This is very exciting. Clink will be making sauce for all the ducks , family members will have a choice of bing cherry sauce or l'orange. Roy is relieved, these meals will spare a few fish and with those failing fisheries, every poultry meal helps.
So to DrivingMissMolly: Thank You from the Shrink Rappers.
Please note that Fat Doctor has also posted about holiday gifts to the doc. I'm not sure what to send in her honor. Perhaps we could send Midwife with a Knife baby pics of the little ducks?
Tuesday, November 07, 2006
This is all a lead in to my dislike of my husband's favorite TV show: Curb Your Enthusiasm. In case the show isn't bad enough, he TiVo's all the episodes (this allows him to re-run segments over and over) and sometimes rents old seasons.
For anyone who hasn't seen it, this HBO show is about Larry David, the creator of Seinfeld, and features him as a misanthopic nebish, who dissects life in a way that makes me cringe. In case your Yiddish is rusty, from YiddishDictionaryOnline.com: Nebish: nebish (American Jewish), a person who is inept, ineffective, shy, dull, a nerd.; a loser .
Okay, so Larry David plays his own character and the character bears his real name, but one has to assume this is a fictionalized version, kind of a Seinfeld-ized view of life. He isn't shy or even dull, but he is inept, a definate social loser. The storyline is about how he continually manages, through an amazing talent for social ineptitude to get himself into one bind after another. His world view is characterized by a cynical spirit tinged with paranoia. His talent for inappropriateness reminds me of someone who floats around the autistic spectrum, and in the middle of conversations, he suddenly focuses on the most inane of details. I don't just dislike the show, I get uncomfortable and even annoyed watching it.
So let's take one episode, or just a fragment of that episode. Larry is trying to get a friend to find him tickets for synagogue for the High Holy days. Normally, he's not religious, but this year he wants to go because he nearly drowned and he decides he was meant to go. Mid-conversation, he starts up a discussion about how the handle on his teacup is too small. Then he decides to leave the party, even though he's brought another couple and they don't want to leave yet. That night in the throes of marital relations, he insists on answering the phone. And finally, upon being honored at Leo's Deli by having a sandwich named after him, he lets Leo know he's displeased because he doesn't like his sandwich: can't Leo give him someone else's sandwich? And when an insulted Leo won't trade his sandwich, Larry says he'll find someone to trade, all while his father is sitting at the table, please with his Larry David sandwich, but in the midst of either choking or having a stroke.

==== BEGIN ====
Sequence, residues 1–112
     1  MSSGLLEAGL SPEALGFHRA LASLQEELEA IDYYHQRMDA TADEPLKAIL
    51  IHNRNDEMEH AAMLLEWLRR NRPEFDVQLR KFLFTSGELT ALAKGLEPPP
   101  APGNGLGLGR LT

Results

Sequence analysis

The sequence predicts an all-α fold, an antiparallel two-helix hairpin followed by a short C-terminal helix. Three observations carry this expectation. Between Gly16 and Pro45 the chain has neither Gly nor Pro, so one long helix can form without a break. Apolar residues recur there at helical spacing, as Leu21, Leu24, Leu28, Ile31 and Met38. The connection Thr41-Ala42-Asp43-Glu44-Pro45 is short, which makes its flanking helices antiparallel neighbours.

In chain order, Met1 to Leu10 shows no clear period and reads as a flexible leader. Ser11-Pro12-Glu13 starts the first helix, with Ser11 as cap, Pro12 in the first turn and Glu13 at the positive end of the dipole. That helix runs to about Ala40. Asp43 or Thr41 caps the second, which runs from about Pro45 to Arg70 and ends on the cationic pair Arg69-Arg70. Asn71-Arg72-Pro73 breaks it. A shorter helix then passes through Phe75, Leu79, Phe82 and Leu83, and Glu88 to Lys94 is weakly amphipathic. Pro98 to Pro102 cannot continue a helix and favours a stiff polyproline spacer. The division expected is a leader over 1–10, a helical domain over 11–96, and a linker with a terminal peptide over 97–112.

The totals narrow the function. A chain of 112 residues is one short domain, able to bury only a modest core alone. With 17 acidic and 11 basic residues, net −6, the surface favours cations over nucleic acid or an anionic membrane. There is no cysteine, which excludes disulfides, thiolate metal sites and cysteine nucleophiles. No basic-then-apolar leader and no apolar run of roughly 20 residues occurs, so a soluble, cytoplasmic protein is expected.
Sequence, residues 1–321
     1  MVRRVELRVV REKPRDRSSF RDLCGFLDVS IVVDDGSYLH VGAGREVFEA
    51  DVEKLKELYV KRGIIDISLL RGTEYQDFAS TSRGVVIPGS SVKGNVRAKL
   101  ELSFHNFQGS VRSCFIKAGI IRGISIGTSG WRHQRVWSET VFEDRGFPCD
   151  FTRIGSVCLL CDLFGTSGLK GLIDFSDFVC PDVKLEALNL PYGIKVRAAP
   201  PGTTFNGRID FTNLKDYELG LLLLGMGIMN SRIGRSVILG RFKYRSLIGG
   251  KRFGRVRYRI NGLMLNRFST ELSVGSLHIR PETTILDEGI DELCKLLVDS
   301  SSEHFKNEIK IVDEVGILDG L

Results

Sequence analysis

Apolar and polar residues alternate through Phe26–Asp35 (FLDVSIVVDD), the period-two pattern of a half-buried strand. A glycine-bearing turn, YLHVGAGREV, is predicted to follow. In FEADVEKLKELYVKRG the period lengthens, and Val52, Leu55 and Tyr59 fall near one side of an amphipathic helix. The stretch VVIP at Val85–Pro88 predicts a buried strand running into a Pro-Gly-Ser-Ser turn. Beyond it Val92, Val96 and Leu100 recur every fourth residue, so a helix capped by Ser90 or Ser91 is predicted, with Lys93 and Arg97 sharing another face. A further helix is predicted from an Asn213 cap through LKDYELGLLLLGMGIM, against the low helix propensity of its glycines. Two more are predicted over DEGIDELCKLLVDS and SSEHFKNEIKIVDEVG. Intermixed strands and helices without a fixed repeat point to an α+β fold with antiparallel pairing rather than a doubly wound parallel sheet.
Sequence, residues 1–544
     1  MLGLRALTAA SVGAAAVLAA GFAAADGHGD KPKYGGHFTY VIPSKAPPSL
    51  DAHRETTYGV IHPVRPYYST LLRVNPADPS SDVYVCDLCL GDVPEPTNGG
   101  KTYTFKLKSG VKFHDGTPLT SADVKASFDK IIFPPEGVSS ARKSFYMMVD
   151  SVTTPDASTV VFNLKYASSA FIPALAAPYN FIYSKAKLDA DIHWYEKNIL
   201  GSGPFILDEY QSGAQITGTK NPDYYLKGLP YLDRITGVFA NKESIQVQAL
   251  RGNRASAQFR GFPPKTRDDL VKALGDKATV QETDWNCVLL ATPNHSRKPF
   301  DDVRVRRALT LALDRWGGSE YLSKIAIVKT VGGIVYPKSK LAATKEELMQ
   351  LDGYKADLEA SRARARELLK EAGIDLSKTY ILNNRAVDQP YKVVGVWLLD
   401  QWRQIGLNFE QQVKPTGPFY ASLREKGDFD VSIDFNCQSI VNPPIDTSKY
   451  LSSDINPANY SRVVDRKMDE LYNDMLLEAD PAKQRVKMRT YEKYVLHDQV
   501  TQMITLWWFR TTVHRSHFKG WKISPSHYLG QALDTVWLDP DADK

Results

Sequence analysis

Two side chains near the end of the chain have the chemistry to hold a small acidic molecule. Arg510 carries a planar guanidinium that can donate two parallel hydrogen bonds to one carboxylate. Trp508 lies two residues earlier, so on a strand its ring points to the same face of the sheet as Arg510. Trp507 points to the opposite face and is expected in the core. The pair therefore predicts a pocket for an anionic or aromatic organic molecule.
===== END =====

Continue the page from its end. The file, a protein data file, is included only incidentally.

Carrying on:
Never mind, you decide: Click here to watch Curb Your Enthusiasm
So what's this doing on our Shrink Rap blog? I watch the show and feel like I'm watching a patient, not a comedian. I'm still trying to figure out why it makes me so uneasy. What do you think?
Saturday, November 04, 2006
According to yesterday's Science Magazine, we may lose the availability of sustainable fisheries by 2048 (see Scientific American: Overfishing Could Take Seafood Off the Menu by 2048). The article predicts total collapse of all world fisheries by 2048. "Total collapse" is defined as 90% depletion since the 1950s.
[prepare for non sequitur]
We have also been rapidly losing the availability of psychiatric beds for folks in need of acute inpatient hospitalization for mental health problems like major depression, bipolar disorder, and schizophrenia. In Where have all the psych beds gone?, I deplored the massive loss of inpatient psychiatric beds over the past 40 years or so. We used to have 20.4 beds per 10,000 population, and it is now down to 3.6. The numbers are now at about 18% of what they were previously. Another 8% to go before the U.S. hits "total collapse." Of course, there has been an opposite trend in forensic psychiatric beds, but I'll leave that for Clink to blog about (also see Hot Potato).